My mother used to fly Mitchell Airlines (as one pilot called it), catching flights from her base in Alabama to Kirkland and back, until she (1st Lieutenant, USAF) had to leave due to being pregnant in 1958. The other passengers usually were nice to her and allowed her to have a forward facing seat (about where one waist gunner would stand.)

      A bazillion Goony Birds and Commandos lying around, and they kept Mitchells flying until at least 59. Weird. Guess the Mitchell was both cool (which it is) and faster than the transport-transports. Come to think of it, the movie "No Time for Sergeants" had a B-25 flying as, I guess, a transport.

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      1. When I worked pumping gas at Lubbock International, my boss was a part owner of one. He kept promising to take me up in it, but the bastige never did. Mike, I'm still available for a ride.......Mike? Mike?

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      2. One landed at the Gainesville Airport, and I 'just' had to take something out to the police aviation unit that day...

        And there was an HE-111 there, ex Spanish AF job.

        I had the scratch for a ground tour, not enough to actually get off the ground.

        And to think they took the -25s off of an aircraft carrier the size of one of our Wasp class LHDs! Ball, large, brass, 2 each, issued to those gents

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      3. They took Multiple, fully loaded B-25s of an Aircraft Carrier for an unescorted max range, one way mission to bomb an enemy capitol. Balls, HUGE, brass, 2 each. As of Apr 18,2018, only one is still with us.

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      4. A USAF B-25 gets a few seconds of screen time in the movie, "Them."
        I doubly checked for a photo in the Internet Movie Plane Database. (I didn't even know there was an IMPDb until a few seconds ago.)
        http://www.impdb.org/index.php?title=Them!




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      5. Well, thanks John, there went the rest of the week! ;-)

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      6. juvat at 1:52 - And they did it after launching early, carrying little to no defensive armament. In bad weather. And our Ally, Russia, interred one crew for over a year before allowing them to 'escape' and kept the plane. Ally, my ass. We paid them to fight us, the rat bastiges.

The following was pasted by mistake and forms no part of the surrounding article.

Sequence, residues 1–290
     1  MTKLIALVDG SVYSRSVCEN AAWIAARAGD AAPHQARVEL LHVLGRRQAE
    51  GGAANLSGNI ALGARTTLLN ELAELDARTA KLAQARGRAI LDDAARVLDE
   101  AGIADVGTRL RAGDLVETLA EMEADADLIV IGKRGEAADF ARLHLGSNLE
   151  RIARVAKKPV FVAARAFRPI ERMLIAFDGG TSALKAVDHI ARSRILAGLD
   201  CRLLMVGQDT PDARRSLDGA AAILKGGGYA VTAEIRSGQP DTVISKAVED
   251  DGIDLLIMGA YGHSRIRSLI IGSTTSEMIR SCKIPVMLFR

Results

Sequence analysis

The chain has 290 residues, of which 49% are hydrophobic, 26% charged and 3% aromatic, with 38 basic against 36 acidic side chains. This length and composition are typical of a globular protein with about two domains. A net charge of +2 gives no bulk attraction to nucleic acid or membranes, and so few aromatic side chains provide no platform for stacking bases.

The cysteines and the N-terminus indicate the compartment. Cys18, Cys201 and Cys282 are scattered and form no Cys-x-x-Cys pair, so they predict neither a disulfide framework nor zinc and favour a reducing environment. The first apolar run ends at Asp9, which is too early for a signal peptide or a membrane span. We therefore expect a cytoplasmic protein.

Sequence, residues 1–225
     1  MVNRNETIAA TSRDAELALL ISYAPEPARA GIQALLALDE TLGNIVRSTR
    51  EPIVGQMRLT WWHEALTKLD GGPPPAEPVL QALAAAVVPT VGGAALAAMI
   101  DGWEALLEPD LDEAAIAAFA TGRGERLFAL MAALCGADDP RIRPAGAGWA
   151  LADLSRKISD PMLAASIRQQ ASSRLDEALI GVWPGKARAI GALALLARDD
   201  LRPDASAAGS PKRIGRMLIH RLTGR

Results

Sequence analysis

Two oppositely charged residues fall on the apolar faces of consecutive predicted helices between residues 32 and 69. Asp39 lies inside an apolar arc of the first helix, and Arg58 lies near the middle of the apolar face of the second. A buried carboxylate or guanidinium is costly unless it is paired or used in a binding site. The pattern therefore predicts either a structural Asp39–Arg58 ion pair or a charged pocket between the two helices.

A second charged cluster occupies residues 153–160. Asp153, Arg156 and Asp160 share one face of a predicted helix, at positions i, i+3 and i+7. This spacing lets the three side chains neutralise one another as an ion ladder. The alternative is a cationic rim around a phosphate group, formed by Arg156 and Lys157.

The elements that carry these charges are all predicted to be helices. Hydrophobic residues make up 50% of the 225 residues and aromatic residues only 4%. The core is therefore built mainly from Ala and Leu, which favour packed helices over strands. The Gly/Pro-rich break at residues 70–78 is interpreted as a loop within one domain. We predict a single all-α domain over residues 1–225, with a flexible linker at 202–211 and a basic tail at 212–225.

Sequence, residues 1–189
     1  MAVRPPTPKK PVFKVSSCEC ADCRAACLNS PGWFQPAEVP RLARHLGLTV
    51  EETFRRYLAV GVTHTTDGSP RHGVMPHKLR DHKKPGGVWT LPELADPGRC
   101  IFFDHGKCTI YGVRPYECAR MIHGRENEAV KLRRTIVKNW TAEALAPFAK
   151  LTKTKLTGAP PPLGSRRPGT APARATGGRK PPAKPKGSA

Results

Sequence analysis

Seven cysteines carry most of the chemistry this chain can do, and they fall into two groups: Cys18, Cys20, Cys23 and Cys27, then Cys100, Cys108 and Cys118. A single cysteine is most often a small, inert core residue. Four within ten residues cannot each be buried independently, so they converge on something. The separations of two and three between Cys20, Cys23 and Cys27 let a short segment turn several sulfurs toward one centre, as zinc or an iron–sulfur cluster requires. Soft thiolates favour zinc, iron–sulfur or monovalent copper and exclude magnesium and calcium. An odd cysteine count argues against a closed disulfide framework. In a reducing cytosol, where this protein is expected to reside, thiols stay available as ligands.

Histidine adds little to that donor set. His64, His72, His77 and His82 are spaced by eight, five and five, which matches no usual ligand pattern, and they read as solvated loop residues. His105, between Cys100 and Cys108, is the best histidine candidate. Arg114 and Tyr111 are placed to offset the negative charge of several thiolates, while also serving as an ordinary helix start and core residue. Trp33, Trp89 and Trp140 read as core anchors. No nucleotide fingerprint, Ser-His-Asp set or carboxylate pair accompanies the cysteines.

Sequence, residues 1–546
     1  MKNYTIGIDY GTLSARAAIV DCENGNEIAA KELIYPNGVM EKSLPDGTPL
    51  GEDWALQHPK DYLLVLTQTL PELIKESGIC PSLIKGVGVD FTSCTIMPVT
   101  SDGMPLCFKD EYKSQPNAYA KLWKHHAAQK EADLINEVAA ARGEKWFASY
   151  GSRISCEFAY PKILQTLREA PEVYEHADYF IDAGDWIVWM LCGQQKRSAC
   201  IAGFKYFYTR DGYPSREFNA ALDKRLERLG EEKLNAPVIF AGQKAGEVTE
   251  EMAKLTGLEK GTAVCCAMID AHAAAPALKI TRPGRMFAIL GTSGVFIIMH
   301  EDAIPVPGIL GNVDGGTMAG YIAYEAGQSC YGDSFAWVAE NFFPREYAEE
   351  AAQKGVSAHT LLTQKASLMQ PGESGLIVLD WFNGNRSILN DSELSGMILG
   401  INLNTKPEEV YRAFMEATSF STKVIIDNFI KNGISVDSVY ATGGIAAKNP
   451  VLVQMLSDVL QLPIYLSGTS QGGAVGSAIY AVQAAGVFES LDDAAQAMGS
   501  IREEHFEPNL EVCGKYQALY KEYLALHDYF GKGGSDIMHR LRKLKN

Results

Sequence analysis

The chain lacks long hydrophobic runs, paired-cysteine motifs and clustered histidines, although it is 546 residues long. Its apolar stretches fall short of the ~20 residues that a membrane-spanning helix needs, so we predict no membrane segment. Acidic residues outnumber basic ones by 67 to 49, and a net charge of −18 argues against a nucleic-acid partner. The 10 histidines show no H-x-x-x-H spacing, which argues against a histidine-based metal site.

Ah, man, "Them." First horror movie I remember. Gotta find it now!

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      7. The Navy once got a PBJ-H on and off an INDEPENENCE class CVE, and several times on and off the ESSEX class CV SHANGRI-LA. This was in anticipation of the assault on Kyushu, as a means of getting them to new airfields built by the SeaBees, bringing the planes directly from the Phillipines.

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      8. https://litz.photoshelter.com/image/I0000f1y6oTRBnLg

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      9. Thanks for the picture StB. I'd hate to be on the receiving end of 8-10 50 cal (depending on which way the top turret was facing) machine guns firing at me. I wonder how much airspeed it would lose. The book I'm reading about P-47s in the SW Pacific said they always started a strafing run at max speed so they's still have a fair amount of speed when they finally got TO the target after firing.

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    6. Fake a twisted ankle, that way you don't have to dance! :-) Glad to hear things are coming together! And those Mud Eagles were just showin' off... LOL

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      1. Not Mud Hens, Jim. Both were C models (single seat, light gray paint). Oregon guard if I read the fin flash right.

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      2. Which I didnt, Florida Guard. IPads—->web surfing= no bueno.

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      3. "Oregon guard if I read the fin flash right."

        Those F-15s may not have been OANG, but I have seen and heard the 15s at PDX do the same type of scramble. Loud, they are.

        Thanks for the post.
        Paul L. Quandt

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      4. Sound of Freedom, Paul, Sound of Freedom!

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    Just be polite... that's all I ask. (For Buck)